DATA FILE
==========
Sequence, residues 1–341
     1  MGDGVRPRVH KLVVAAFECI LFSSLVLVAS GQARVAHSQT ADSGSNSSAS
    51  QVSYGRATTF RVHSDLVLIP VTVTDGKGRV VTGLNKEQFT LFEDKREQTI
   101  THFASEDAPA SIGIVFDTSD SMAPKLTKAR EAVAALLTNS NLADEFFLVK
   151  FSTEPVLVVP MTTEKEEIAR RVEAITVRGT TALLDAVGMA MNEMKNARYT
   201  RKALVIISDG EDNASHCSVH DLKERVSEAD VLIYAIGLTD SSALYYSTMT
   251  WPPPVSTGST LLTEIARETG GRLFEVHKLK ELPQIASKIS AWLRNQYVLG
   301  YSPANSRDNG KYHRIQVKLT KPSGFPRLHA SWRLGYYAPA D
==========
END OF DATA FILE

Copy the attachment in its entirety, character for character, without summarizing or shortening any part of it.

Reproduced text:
Sequence, residues 1–341
     1  MGDGVRPRVH KLVVAAFECI LFSSLVLVAS GQARVAHSQT ADSGSNSSAS
    51  QVSYGRATTF RVHSDLVLIP VTVTDGKGRV VTGLNKEQFT LFEDKREQTI
   101  THFASEDAPA SIGIVFDTSD SMAPKLTKAR EAVAALLTNS NLADEFFLVK
   151  FSTEPVLVVP MTTEKEEIAR RVEAITVRGT TALLDAVGMA MNEMKNARYT
   201  RKALVIISDG EDNASHCSVH DLKERVSEAD VLIYAIGLTD SSALYYSTMT
   251  WPPPVSTGST LLTEIARETG GRLFEVHKLK ELPQIASKIS AWLRNQYVLG
   301  YSPANSRDNG KYHRIQVKLT KPSGFPRLHA SWRLGYYAPA D